We’re only just starting to warm up post-February freeze—with days getting longer and temperatures (very slowly) rising, it’s time to start thinking about spring. One of our favorites ways to embrace the springtime sun is by creating our own little herb garden. Whether you live in a city, the suburbs, or the countryside, cultivating fresh herbs is super easy, as long as you’ve got natural light! Fresh herbs are one of the loveliest ways to brighten up your cooking, and we love growing them from little seedlings and sprouts to gorgeous, healthy green plants. Check out our detailed guide for making your own herb garden and start growing.
What to Grow
Put simply, choose the herbs you use most frequently. We love cultivating heartier plants like rosemary and mint (watch out for mint, though, it can spread quickly and can take over your garden!). Basil also works well, as well as cilantro, chives, parsley, and oregano. Once the plants are mature, you can start picking off herbs, but start slow. When they are young, it will take the herbs longer to replenish. Harvest them in the morning, as that’s when they’re said to be at their most flavorful!
Where to Grow
As you might imagine, the most important growing factor for herbs or plants of any kind is light. If you’re lucky enough to have an outdoor space, set up your herb garden outside, but in an elevated location so it gets plenty of sunshine. If you’re working with indoors, no problem! Window sills are great locations for herb gardens, or any other area that receives about six hours of sun a day.
What You Need
Everything you need for your herb garden can be found at a large hardware store or online. You can also purchase fully-stocked kits. First things first, you’ll need the plants themselves (if you’re re-potting them) or seeds. What you choose is up to you—seeds will take much longer, but you’ll get the satisfaction of seeing the little chutes poke through the soil; if you re-pot herbs, though, you’ll still get the benefit of watching them grow and you can use them much sooner. You’ll also need some solid flower pots. If you want to pot your herbs together, purchase a large rectangular tray or circular pot. If you just have one herb, or want to plant them separately, select small, deep pots. We often opt for self-watering pots, which have a tray underneath that stays moist. Little pots are also a fun decorative accent, so pick your style! Soil is the last essential piece of the equipment puzzle—get a large bag of it and you’ll be set for a while. If you’re planting multiple herbs, purchase labels to remember what’s what.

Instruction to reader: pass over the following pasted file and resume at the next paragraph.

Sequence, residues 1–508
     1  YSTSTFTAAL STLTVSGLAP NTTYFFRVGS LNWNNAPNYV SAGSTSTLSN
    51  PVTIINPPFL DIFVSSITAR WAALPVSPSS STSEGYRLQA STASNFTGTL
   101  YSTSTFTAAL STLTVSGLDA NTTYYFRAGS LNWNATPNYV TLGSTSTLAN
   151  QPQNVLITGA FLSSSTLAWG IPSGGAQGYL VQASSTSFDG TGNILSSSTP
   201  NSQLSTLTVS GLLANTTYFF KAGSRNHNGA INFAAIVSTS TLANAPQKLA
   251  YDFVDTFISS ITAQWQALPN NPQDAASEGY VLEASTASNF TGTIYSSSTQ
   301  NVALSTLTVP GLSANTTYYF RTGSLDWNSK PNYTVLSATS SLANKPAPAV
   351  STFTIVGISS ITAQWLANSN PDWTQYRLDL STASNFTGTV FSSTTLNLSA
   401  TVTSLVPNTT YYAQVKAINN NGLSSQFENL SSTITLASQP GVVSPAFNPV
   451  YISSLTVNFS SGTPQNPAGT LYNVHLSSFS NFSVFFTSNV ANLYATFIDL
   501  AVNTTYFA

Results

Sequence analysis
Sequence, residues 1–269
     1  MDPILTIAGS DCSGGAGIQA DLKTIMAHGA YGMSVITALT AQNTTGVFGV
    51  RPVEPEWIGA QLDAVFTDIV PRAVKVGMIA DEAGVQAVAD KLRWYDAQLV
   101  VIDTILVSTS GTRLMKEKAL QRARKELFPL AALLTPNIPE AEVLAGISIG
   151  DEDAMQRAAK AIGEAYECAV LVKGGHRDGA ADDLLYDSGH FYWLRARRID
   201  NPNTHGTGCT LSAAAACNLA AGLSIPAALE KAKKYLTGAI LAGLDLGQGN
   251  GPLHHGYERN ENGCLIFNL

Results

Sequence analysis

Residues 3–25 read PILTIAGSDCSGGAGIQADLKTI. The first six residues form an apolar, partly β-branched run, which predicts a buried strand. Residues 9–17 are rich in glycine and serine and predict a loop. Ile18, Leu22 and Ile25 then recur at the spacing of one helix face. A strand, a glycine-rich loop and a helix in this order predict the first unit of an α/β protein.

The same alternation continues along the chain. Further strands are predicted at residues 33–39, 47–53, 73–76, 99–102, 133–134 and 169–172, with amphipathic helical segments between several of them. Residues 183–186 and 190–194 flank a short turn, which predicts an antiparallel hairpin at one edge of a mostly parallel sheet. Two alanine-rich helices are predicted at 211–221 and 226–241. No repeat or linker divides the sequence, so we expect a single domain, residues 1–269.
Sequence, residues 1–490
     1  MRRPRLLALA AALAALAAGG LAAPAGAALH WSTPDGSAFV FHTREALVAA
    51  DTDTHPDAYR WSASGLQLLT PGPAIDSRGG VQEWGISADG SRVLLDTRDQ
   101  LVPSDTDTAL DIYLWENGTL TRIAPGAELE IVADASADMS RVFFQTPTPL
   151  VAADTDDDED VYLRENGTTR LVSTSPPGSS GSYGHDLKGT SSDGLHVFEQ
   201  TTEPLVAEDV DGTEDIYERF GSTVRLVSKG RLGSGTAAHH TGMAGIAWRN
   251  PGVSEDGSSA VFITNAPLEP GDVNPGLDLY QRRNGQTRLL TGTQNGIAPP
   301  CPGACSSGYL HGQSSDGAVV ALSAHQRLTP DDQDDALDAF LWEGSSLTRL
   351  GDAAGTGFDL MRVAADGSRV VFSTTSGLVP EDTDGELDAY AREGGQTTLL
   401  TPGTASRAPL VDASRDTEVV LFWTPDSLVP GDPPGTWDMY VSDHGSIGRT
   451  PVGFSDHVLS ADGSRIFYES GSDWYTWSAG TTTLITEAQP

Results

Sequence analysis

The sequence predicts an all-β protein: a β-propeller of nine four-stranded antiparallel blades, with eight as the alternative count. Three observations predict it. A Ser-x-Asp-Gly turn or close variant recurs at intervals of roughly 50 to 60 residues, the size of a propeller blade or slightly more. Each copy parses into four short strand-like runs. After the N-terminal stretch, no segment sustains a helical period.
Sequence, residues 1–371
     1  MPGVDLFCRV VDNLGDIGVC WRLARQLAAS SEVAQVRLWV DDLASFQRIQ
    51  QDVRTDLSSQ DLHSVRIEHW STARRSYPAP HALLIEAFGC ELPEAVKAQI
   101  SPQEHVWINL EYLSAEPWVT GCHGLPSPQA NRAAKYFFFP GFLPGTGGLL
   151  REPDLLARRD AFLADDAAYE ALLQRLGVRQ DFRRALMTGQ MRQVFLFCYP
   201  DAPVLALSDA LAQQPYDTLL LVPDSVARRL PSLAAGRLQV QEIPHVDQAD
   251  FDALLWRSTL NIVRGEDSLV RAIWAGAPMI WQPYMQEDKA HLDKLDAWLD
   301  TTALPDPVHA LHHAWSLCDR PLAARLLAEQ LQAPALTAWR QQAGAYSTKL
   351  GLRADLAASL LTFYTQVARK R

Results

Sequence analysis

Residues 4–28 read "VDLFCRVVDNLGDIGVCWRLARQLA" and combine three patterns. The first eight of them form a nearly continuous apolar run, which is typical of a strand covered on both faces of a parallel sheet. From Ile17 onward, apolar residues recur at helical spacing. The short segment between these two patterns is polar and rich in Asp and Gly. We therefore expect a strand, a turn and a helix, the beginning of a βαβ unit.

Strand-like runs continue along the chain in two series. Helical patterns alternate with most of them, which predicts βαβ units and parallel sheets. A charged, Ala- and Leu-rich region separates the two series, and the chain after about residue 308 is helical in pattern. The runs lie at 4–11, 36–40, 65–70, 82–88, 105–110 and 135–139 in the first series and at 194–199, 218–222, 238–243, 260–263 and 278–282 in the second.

How to Pot
Fill the pot with soil, leaving some room on the top. If you’re planting seedlings, moisten your soil slightly and then follow instructions on the bag. For re-potting herbs, delicately remove the plant from its container and slot it into a pre-made hole, packing the soil around so that it’s contained. Place taller herbs like sage and rosemary in the back, and more delicate, smaller ones like parsley and cilantro in the front. Once they’re planted, stick your labels into the soil.
When to Water
The new plants will need plenty of water, so make sure to water them a lot once you pot them. Stop when you notice they aren’t absorbing the water. Once they’ve been potted, give them about an inch of water while they’re growing.
What to do with all those herbs!
Growing herbs is a blast, but after you’ve made guacamole and pesto with your cilantro and basil, it can be easy to lose steam. Don’t fear! Bunches of mint can be easily boiled with water and turned into mint tea, and we love to chop fresh herbs into salads for a refreshing twist. Or, chop herbs up, place in an ice tray, and cover with olive oil—that way, you’ll have them ready to go whenever you want them.